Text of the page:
by Marjorie Bowen
Linley was fond of collecting what he called “raw material” and, as a fairly successful barrister, he had good opportunity for doing so. He despised novelists and romancists, yet one day he hoped to become one of these gentry himself, hence his collection of the raw material…however, after some years he became disgusted and overwhelmed by the amount of “stuff” (as he termed it) which he had gathered together—scenes, episodes, characters, dialogues, descriptions and decorations for all or any possible type of tale; he remained, he declared, surprised at the poverty of invention of the professional story-tellers who gave so little for the public’s money in the way of good, strong, rousing drama, such as he, Robert Linley, had come across, well, more times than he cared to count…
“There isn’t anything,” he declared with some vehemence, “of which I haven’t had experience.”
“Ghosts?” I asked, and he smiled contemptuously.
“Yes, of course, I’ve had any amount of experiences with ghosts, with people who’ve seen ’em, and people who think they’ve seen ’em, and with the ghosts themselves…”
“Well,” I asked, “have you come across a real Christmas ghost story—what we used to call the old-fashioned kind? They’re getting a bit threadbare now, you know; they’ve been told over and over again, year after year; have you got a novelty in that direction?” Linley, after a moment’s pause, said that he had.
“There’s some raw material for you,” he cried, waxing enthusiastic, “the story of the Catchpoles and Aunt Ursula Beane, there’s some raw material—why, there’s everything in it—comedy, tragedy, drama, satire, farce—”
“Hold on!” I cried, “and just tell us as briefly as possible what your ‘raw material’ consists of. I’m out for a Christmas ghost story, you know, and I shall be disappointed if you don’t give us something of that kind.”
Linley made himself extremely comfortable and, with a lawyer’s relish of the right phrase and the correct turn of sentence, gave us the history of Aunt Ursula Beane, with the usual proviso, of course, that the names and places had been altered. Before he began his narration Linley insisted on the novelty of the story, and before he had finished we all of us (those select few who were privileged to hear him hold forth) agreed that it was very novel indeed.
The case of Aunt Ursula Beane, as he called her, had come under his notice in a professional way and in the following manner, commonplace enough from a lawyer’s point of view, although the subsequent case was one which the papers endeavored to work up into what is described by that overworked word “sensational.” As far as the lawyers and the public were concerned it began with an inquest on Mrs. Ursula Beane. In Linley’s carefully selected phrases the case was this:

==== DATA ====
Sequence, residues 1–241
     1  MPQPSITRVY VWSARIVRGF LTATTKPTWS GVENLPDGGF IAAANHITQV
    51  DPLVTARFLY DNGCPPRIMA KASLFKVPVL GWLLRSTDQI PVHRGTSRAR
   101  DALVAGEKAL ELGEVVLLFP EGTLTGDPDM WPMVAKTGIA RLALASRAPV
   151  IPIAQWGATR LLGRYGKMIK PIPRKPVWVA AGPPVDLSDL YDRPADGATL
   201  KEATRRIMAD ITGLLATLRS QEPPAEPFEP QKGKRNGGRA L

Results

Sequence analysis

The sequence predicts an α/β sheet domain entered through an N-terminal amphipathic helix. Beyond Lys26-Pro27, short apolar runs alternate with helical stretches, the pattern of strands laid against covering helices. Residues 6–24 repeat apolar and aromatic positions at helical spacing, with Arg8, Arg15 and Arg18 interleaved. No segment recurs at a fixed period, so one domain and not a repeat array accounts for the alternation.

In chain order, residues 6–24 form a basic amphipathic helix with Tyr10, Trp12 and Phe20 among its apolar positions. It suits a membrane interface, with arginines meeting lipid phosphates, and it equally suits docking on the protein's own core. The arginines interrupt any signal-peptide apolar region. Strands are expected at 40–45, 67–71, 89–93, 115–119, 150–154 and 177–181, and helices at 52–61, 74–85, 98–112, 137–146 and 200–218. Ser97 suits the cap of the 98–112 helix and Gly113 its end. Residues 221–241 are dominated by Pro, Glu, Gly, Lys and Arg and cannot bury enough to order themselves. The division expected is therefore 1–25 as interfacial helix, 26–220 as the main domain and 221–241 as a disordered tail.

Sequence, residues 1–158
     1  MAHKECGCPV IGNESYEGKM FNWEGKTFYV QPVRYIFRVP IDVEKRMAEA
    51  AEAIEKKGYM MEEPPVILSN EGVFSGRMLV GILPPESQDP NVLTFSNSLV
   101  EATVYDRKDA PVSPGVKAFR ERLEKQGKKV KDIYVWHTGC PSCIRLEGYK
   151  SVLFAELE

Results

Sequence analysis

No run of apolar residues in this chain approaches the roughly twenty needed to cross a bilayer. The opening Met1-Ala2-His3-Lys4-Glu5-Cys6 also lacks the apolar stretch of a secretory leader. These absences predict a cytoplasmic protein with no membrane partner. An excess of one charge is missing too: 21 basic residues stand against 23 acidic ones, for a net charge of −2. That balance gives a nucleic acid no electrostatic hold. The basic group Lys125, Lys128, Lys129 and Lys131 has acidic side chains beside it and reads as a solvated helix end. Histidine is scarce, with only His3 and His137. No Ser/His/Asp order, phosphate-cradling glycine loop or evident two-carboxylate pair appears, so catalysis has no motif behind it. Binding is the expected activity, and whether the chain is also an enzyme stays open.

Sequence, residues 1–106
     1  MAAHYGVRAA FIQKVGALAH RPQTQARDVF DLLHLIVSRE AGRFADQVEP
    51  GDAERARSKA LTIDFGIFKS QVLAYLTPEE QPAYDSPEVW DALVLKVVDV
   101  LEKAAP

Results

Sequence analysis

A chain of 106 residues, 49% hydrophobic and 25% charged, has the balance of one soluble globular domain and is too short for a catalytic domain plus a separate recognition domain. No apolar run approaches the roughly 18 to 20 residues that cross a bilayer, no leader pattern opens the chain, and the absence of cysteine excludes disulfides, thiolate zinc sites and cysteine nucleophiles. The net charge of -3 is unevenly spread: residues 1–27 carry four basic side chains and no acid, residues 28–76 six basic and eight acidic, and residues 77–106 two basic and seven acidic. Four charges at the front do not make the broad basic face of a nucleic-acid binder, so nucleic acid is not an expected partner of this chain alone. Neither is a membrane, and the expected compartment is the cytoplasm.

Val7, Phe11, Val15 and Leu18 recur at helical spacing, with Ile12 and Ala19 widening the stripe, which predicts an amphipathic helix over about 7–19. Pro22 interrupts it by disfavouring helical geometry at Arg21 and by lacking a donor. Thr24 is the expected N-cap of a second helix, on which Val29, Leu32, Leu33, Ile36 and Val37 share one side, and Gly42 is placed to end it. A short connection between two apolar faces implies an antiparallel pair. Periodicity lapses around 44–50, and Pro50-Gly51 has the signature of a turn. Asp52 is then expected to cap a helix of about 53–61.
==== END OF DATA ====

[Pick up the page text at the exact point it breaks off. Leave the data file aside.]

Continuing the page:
“Mrs. Ursula Beane had died suddenly at the age of seventy-five. The doctor who had been intermittently attending her—she was an extremely robust and healthy old woman—had not been altogether satisfied with her symptoms. He had refused a death certificate, there had been an autopsy, and it was discovered that Mrs. Ursula Beane had died from arsenical poisoning. The fact established, an enquiry followed, eliciting the following circumstances. Mrs. Ursula Beane had lived for forty years in a small house at Peckham Rye which had belonged to her father and his father before him. The house had been built in the days when Peckham Rye—well, was not quite like it is now. She resided with a nephew and niece—James and Louisa Catchpole. Neither of them had ever married, neither of them had ever left Peckham Rye for more than a few weeks at a time, and the most minute investigation did not discover that either of them had had the least adventure or out-of-the-way event in their lives. They enjoyed a small annuity from a father who had been a worthy and fairly prosperous tradesman. James was, at the time of the inquest, a man over sixty and had been for many years a clerk—’confidential clerk’ as he emphasized it—with a large firm of tea merchants. He received a sufficient, if not a substantial salary and was within a year or two of a pension. His sister, Miss Louisa Catchpole, was younger—fifty or so; she also had a substantial, if not a brilliant, position as a journalist on one of those few surviving monthlies which rather shun publicity and cater for the secluded and the virtuous. She wrote occasional short stories in which the hero was always a clergyman and the heroine sans peur et sans reproche. She also wrote little weekly causeries—as I believe they are called—’Meditations in a Garden’; they were headed and adorned with a little cut of an invalid in a basket-chair gazing at a robin. In these same causeries Miss Louisa Catchpole affected month after month, year after year, with unfaltering fortitude, a vein of Christian cheerfulness, and encouraged her readers with such maxims as ‘Character is stronger than Destiny,’ ‘A man is only as strong as his faith in himself,’ and chirpings about the recurring miracle of spring, together with quotations from the more minor poets—you know the type of thing.